Iran exported much of its condensate to Asia, with South Korea and Japan being major customers, but US sanctions in 2018 led to a sharp decline in the exports.
The sudden halt meant Iran had to store large volumes of condensate in oil tankers, incurring high demurrage costs, but the country largely avoided the expense and disruption thanks to the operation of two major refineries in the country.
Zangeneh said on Monday all Iranian condensate exports will stop in the current Persian year that ends in March 2021. They will be processed in the Persian Gulf Star and Siraf condensate refineries to produce gasoline and naphtha.
Naphtha is a gasoline blending component and a feedstock for plastics and other petrochemical products. Asian customers favor Iran’s South Pars condensate for its rich naphtha yield compared to other grades.
South Korea was the biggest client of Iranian condensate with 300,000 barrels per day (bpd), but the country stopped the imports even before the US sanctions came into effect in November 2018. The United States is reportedly pushing its condensate and also naphtha on South Korea.
Before February, about 130,000 bpd of Iran’s gas condensate was used in its petrochemical plants, while another 80,000 bpd went to domestic condensate refineries not including the Persian Gulf Star.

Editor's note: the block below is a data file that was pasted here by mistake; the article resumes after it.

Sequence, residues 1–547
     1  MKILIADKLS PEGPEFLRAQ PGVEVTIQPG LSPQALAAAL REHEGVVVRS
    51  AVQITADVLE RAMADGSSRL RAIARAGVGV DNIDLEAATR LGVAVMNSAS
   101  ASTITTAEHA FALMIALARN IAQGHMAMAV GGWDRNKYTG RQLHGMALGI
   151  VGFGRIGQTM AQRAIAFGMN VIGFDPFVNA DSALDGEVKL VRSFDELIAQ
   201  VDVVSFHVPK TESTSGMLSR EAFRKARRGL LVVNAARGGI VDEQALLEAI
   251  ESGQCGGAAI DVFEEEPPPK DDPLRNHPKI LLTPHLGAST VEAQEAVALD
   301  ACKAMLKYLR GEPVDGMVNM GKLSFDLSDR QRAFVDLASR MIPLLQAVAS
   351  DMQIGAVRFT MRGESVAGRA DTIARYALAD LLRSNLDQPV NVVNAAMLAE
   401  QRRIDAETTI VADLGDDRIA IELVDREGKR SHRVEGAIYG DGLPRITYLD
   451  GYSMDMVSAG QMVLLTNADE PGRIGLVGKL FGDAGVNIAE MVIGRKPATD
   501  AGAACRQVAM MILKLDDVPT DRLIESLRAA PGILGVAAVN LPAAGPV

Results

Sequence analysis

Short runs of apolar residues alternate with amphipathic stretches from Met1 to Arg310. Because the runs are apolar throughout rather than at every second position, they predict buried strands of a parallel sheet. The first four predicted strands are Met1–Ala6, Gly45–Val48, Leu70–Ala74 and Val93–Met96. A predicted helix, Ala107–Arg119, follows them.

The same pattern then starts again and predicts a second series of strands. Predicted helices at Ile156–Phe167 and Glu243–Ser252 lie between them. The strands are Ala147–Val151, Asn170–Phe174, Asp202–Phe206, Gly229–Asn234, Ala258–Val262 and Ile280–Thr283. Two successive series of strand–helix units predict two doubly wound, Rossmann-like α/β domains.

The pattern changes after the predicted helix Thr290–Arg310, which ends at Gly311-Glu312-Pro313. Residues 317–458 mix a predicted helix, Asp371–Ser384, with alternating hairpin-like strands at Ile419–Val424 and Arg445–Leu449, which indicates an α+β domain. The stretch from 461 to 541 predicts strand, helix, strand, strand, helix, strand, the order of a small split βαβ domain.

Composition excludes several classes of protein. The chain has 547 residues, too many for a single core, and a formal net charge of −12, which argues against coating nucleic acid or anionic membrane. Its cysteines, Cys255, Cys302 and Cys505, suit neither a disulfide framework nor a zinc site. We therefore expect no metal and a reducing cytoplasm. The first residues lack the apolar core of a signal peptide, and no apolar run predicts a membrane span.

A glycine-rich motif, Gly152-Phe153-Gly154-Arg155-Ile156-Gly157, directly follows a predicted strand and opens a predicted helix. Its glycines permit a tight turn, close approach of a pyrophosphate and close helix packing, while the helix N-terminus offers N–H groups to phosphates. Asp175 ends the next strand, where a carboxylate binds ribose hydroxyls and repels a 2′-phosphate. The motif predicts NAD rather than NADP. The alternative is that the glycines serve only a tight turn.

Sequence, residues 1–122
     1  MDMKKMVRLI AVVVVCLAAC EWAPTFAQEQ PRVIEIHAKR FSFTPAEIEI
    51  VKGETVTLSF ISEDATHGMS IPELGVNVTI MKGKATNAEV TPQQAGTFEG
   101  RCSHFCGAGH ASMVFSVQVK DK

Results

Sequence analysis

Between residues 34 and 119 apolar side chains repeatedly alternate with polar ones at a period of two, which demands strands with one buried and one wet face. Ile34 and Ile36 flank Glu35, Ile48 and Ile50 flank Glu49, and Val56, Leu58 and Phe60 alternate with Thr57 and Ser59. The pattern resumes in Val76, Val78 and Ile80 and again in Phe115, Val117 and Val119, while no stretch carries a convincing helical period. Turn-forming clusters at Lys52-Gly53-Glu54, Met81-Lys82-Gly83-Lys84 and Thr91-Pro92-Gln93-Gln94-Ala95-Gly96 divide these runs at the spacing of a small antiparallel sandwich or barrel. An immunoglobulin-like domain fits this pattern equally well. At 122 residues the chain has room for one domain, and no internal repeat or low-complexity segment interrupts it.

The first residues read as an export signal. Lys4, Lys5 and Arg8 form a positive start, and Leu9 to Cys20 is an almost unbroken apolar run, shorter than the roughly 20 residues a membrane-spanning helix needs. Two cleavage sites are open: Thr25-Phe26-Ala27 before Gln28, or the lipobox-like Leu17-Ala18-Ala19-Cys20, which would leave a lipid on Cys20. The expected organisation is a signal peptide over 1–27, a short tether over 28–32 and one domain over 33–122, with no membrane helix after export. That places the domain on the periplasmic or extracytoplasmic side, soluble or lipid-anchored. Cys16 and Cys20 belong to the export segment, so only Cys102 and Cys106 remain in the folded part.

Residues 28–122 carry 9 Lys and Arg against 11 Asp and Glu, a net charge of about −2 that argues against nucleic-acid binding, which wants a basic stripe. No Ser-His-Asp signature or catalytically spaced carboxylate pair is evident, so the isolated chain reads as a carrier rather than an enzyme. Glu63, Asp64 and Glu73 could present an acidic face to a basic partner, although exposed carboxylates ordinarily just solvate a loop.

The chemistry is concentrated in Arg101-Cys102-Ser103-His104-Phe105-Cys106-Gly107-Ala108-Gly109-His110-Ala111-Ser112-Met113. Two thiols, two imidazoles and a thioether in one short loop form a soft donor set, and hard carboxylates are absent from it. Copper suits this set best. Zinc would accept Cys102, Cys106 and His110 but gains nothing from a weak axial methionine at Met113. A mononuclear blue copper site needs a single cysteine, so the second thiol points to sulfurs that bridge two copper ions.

The Persian Gulf Star Refinery currently receives 420,000 bpd of gas condensates. Its third phase was opened in February which made Iran self-sufficient in gasoline. The completion of the fourth phase will open another 60,000 bpd capacity for condensate feedstock.
Iran is building another refinery, the $2.8 billion Siraf plant, with a capacity to process 360,000 bpd of gas condensate. It includes six processing units, each with a capacity to turn 60,000 bpd of condensate into better value-added products.
The country expects its condensate production to hit 1 million bpd.
The launch of the Persian Gulf Star Refinery’s third phase in February also raised the overall gasoline production capacity to 105 million liters a day.
Despite being a major oil producer for decades, Iran struggled to meet its domestic fuel needs for years because of a lack of refining capacity which made the country prone to foreign sanctions.
However, when US President Donald Trump decided in May to reimpose sanctions on the Islamic Republic, he ruffled no feathers among fuel purveyors in Iran.
Iran produced less than 50 million liters per day of gasoline before the former Obama administration imposed sanctions on Tehran in 2011 when consumption stood at about 60 million liters a day. That meant the country had to purchase around 10 million liters per day from international vendors.
Last summer when overall gasoline consumption stood at 91 million liters, Iran’s production capacity had already surpassed 93 million liters, according to figures provided by Ministry of Petroleum.
The construction of the Persian Gulf Star Refinery with 3.5 billion euros ($4.7 billion) of investment began in 2006 and the first phase came into operation in April 2017 and the second phase last June.